Presentation is loading. Please wait.

Presentation is loading. Please wait.

PRICE STRATEGY AND MONOPOLISTIC COMPETITION Afonso Sebastião Feliciano Grosso Joana Fernandes Ricardo Costa Susana Serôdio Lisbon, February 2006.

Similar presentations


Presentation on theme: "PRICE STRATEGY AND MONOPOLISTIC COMPETITION Afonso Sebastião Feliciano Grosso Joana Fernandes Ricardo Costa Susana Serôdio Lisbon, February 2006."— Presentation transcript:

1 PRICE STRATEGY AND MONOPOLISTIC COMPETITION Afonso Sebastião Feliciano Grosso Joana Fernandes Ricardo Costa Susana Serôdio Lisbon, February 2006

2 THE IMPORTANCE OF PRICE Price means one thing to the consumer and something else to the seller. CONSUMER The cost of something SELLER Price is revenue, the primary source of profits WHAT IS PRICE? Price is that which is given up in an exchange to acquire a good or service. Price is typically the money exchanged for the good or service. Prices are the key to revenues, which in turn are the key to profits for an organization. PRICE STRATEGY

3 REVENUE Revenue is the price charged to customers multiplied by the number of units sold. It’s what pays for every activity of the company: production, finance, sales, distribution, and so on. PROFIT What’s left over is profit. Managers usually strive to charge a price that will earn a fair profit. To earn profit, a managers must choose a price that is not too high or too low, a price that equals the perceived value to customers. If a price is set to high in consumers’ minds, the perceived value will be less than the cost, and sales opportunity will be lost. PRICING OBJECTIVES To survive in today’s highly competitive marketplace, companies need pricing objectives that are specific, attainable, and measurable. Realistic pricing goals then require periodic monitoring to determine the effectiveness of company’s strategy. PRICE STRATEGY

4 Long-term pricing framework for a good or service should be a logical extension of the pricing objectives. It is necessary to choose a price strategy that defines the initial price and gives direction for price movements over the lifecycle. Lifecycle of the product: Introductory stage – management usually sets prices high during the introductory stage. But, if the target market is highly sensitive, management often finds it better to price the product at the market level or lower. Growth stage – Prices generally begin to stabilize as the product enters the growth stage. Maturity stage – Maturity usually brings further price decreases as competition increases and inefficient, high-cost firms are eliminated. Decline stage – The final stage of the lifecycle may see further price decreases as the few remaining competitors try to salvage the last vestiges of demand LONG-TERM PRICING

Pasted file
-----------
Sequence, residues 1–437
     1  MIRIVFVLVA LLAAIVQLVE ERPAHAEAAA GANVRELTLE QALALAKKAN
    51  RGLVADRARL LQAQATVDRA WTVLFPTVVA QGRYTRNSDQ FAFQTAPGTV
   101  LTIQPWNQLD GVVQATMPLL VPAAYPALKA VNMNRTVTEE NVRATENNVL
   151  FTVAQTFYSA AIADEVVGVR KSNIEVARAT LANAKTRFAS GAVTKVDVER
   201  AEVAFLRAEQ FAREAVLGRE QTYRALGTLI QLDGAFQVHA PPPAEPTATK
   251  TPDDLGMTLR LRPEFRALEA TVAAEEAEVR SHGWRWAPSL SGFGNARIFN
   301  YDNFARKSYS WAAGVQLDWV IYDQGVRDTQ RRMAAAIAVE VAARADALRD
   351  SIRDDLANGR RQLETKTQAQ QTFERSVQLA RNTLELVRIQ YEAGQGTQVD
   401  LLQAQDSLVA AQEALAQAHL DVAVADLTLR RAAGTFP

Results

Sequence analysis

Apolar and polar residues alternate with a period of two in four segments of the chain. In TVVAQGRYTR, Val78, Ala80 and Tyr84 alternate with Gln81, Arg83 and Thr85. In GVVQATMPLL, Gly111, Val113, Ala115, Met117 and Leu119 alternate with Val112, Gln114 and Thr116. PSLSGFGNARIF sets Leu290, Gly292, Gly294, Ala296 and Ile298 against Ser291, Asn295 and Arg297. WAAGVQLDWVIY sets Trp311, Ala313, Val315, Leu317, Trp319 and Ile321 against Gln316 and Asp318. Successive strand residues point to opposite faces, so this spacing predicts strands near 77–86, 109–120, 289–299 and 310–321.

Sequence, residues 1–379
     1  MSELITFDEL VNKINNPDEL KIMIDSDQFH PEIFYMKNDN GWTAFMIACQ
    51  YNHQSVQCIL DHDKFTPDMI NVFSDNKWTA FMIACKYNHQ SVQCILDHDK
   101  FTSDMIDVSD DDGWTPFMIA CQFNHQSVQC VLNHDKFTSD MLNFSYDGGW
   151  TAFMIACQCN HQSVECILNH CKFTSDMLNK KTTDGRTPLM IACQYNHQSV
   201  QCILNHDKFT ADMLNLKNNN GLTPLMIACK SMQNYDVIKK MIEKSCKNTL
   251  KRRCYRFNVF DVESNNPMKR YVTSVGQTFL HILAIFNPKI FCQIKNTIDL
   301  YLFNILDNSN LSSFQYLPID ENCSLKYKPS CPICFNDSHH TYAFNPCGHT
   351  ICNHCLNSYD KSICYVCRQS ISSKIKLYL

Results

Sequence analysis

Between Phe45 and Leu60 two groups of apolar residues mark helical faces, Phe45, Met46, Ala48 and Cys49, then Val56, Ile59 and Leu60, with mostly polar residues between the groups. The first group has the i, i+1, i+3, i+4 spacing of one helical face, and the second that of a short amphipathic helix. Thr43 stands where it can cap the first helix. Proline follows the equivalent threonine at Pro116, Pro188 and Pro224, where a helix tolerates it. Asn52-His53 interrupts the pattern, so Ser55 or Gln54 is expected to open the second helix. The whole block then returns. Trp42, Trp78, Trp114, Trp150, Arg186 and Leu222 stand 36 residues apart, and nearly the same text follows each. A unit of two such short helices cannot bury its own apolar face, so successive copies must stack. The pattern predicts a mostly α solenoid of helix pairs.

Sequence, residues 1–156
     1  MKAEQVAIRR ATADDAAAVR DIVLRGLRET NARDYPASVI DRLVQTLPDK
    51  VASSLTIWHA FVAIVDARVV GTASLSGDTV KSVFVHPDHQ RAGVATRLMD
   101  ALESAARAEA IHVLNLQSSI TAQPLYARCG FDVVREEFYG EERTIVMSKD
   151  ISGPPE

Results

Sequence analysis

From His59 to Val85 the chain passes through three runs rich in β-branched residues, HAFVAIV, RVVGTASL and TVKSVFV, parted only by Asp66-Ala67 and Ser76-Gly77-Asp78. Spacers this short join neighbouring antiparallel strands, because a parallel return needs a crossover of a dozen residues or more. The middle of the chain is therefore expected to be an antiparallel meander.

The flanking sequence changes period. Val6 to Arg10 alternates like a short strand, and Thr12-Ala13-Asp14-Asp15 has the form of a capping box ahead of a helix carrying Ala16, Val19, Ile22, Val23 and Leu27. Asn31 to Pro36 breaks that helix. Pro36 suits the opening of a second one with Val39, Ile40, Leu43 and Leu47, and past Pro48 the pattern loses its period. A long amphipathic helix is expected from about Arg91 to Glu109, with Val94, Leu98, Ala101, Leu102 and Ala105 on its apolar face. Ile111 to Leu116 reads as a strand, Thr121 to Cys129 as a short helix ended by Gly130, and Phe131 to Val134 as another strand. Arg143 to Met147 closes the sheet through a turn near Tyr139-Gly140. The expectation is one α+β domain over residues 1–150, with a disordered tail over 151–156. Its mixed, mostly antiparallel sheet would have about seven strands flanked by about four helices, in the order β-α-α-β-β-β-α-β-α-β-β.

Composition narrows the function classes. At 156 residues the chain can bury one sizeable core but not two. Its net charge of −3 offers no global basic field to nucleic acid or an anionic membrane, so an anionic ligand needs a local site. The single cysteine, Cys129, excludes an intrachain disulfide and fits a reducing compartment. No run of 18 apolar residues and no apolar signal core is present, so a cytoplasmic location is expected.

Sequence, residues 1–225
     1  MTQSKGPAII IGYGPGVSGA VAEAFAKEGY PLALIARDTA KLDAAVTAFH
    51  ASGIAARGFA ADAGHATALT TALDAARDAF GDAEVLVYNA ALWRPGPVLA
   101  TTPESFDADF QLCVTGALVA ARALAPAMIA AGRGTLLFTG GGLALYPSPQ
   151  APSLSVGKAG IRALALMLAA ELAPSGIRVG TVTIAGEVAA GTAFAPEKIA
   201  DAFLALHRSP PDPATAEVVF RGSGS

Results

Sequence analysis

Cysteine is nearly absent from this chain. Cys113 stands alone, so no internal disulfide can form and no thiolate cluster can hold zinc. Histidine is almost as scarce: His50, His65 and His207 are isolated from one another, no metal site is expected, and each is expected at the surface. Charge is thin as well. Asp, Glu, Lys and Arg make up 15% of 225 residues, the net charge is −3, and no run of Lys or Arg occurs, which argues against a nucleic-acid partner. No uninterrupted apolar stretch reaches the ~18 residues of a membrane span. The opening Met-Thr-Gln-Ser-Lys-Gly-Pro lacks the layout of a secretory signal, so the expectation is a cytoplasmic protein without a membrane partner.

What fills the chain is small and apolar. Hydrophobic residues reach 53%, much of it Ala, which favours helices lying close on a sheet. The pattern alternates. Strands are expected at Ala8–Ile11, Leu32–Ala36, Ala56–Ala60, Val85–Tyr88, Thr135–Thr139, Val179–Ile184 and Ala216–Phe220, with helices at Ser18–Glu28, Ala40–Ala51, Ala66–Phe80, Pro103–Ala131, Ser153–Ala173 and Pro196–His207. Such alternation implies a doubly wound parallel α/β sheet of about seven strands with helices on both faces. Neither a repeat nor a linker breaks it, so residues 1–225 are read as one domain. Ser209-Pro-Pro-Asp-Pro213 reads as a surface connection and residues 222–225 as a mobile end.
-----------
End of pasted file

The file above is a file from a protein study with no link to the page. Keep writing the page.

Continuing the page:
5 Price Skimming Selling at a high price, sacrificing high sales to gain a high profit, therefore “skimming” the market. This strategy is often used to target “early adopters” of a product/service. These early adopters are relatively less price sensitive because either their need for the product is more than others or they understand the value of the product better than others. This strategy is employed only for limited duration to recover most of the investment made to build the product. LONG-TERM PRICING

6 Diário de Notícias, 26 de Junho de 2005 Price Skimming LONG-TERM PRICING

7 Penetration price Is the pricing technique of setting a relatively low initial entry price, a price that is often lower than the eventual market price. The expectation is that the initial low price will secure market acceptance by breaking down existing brand loyalties. The advantages of penetration pricing to the firm: It can result in fast diffusion and adoption; It can create goodwill among the all-important early adopter segment; It creates cost control and cost reduction pressures from the start, leading to greater efficiency; It discourages the entry of competitors; It can be based on marginal cost pricing; LONG-TERM PRICING

8 Penetration price The main disadvantages with penetration pricing is that: It establishes long term price expectations for the product; Image preconceptions for the brand and company; It’s difficult to eventually raise prices. Penetration pricing attracts only the switchers (bargain hunters) It is most appropriate when: Product demand is highly price elastic; Substantial economics of scale area available; The product is suitable for a mass market – sufficient demand; The product will face stiff competition soon after introduction. LONG-TERM PRICING